The number of legal-sized white sturgeon (38 to 54 inches in fork length) in the Columbia River downstream of Bonneville Dam declined in 2018, while the number of sturgeon large enough to spawn (over 65 inches FL) — adults — remained steady from 2017 numbers, according to a 2018 report by the Oregon Department of Fish and Wildlife.
Legal-sized sturgeon — those large enough, but not too large to fill a legal slot allowed for fishing — declined 19 percent from 2017 and was 28 percent lower than the peak abundance in 2016.
In 2018, biologists say there were 162,182 legal-sized sturgeon (63 percent of the conservation status level) in the river downstream of Bonneville and 6,108 adult-sized fish (three-year average is 7,493 fish and the desired abundance is 9,250 fish, while the conservation status threshold abundance is about 3,900 fish).
Both sizes of sturgeon, however, have abundances that are “firmly above conservation status,” the report says, an abundance that could allow fishing this year.
“When considered in a broader time scale the trend in sub-adult abundance has been, and continues to be, positive since 2012,” the report says.
Still, the lower Columbia River white sturgeon population cannot be considered truly healthy, the report says, unless abundance targets are met and it has a balanced, sustainable stock structure across life history stages. Large abundance estimates with a stock structure dominated by juveniles indicates successful recruitment is occurring regularly, assuring replacements for mortality at older life stages.
The conservation status of white sturgeon was set in 2011 by both Oregon and Washington commissions when they adopted the Lower Columbia River and Oregon Coast White Sturgeon Conservation Plan that sets long-term management goals for the sturgeon that would constitute healthy and harvestable numbers.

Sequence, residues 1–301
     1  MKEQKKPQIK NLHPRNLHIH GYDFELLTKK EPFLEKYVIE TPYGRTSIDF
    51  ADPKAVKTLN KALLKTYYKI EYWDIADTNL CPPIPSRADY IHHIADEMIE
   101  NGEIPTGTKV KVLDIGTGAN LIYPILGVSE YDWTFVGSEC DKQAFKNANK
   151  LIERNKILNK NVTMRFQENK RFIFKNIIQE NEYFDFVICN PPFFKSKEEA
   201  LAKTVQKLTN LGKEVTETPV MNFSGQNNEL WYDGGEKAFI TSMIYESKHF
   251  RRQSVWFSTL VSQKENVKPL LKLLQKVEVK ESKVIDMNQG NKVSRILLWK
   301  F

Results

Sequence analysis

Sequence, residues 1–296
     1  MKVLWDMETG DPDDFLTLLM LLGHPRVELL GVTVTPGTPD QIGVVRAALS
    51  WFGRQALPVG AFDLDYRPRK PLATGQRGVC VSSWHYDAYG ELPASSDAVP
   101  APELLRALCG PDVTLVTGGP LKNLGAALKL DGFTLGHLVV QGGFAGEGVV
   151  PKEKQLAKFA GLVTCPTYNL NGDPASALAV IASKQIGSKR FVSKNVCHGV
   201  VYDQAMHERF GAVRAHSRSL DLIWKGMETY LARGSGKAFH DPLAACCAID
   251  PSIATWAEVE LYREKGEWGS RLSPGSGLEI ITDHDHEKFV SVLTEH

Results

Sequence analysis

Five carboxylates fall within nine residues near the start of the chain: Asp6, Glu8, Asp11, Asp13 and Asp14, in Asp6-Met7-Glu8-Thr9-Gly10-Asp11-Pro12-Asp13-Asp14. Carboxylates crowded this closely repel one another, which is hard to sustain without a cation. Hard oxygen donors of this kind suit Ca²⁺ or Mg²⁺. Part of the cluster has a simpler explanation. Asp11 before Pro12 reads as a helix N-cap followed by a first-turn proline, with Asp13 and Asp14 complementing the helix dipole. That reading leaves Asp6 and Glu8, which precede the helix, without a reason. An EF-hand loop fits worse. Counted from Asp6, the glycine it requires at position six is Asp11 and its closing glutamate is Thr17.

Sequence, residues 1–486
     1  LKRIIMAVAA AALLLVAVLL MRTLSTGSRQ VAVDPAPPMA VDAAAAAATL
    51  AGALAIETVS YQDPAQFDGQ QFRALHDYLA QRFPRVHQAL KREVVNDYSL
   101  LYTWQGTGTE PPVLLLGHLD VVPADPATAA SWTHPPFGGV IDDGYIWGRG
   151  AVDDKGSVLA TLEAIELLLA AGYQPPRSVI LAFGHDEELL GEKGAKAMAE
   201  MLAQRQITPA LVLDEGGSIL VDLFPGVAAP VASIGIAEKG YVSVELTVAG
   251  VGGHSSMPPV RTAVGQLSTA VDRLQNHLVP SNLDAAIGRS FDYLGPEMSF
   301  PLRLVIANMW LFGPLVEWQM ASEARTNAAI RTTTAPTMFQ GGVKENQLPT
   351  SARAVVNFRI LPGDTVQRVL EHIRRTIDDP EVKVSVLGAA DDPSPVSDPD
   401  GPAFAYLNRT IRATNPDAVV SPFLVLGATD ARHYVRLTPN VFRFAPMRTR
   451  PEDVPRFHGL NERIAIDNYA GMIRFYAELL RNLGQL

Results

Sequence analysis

Tucker Jones, Ocean/Salmon Columbia River program manager for ODFW, remarked on the status of white sturgeon in the lower Columbia River and lower Willamette River last week, saying h’s not certain why young of year recruitment is down, but one thought is predation by steller sea lions.
Ultimately, there could be fishing for white sturgeon in 2019 similar to the last couple of years’ sport and commercial fishing set by the Commission, “but that’s somewhat dependent on Commission guidance,” Jones said.
The desired percentage of juveniles that make up the entire population would be 95 percent, but in 2018 the percentage was about 63 percent. That’s still above the conservation status in the Plan (60 percent).
“The reduced relative abundance of juvenile and sub-legal sized fish over time indicates ongoing productivity issues,” the report says. “We do not anticipate this trend changing in the immediate future; however, if future recruitment is more like that witnessed in pre-2009 or 2017, this trend may, with time, reverse itself.”
Sturgeon retention fisheries were closed 2009 through 2016, although in the latter year catch and release was allowed. Retention fishing resumed in 2017 and continued in 2018, but fishing was allowed in three areas and the slot size was reduced to 44 to 50 inches to dampen catch rates and lengthen the season, the report says. Anglers were allowed 2,960 white sturgeon in the estuary, 1,230 in the mainstem Columbia River upstream of the Wauna power lines at river mile 40 and 740 in the lower Willamette River.
The estuary fishery was scheduled for ten days during mid-May through early June in 2018, and was ultimately extended for an eleventh day with an estimated catch of 2,412 white sturgeon from 18,294 angler trips. The main-stem fishery was scheduled for two Saturdays during September and produced a catch of 1,049 white sturgeon from 11,031 trips.
Along with recreational retention, commercial harvest also continued in 2018 with a guideline of 1,230 44 to 54-inch FL white sturgeon available. In off-channel and fall mainstem Zone 4/5 commercial fisheries, a combined 826 of the 1,230 commercial guideline was harvested, the report says.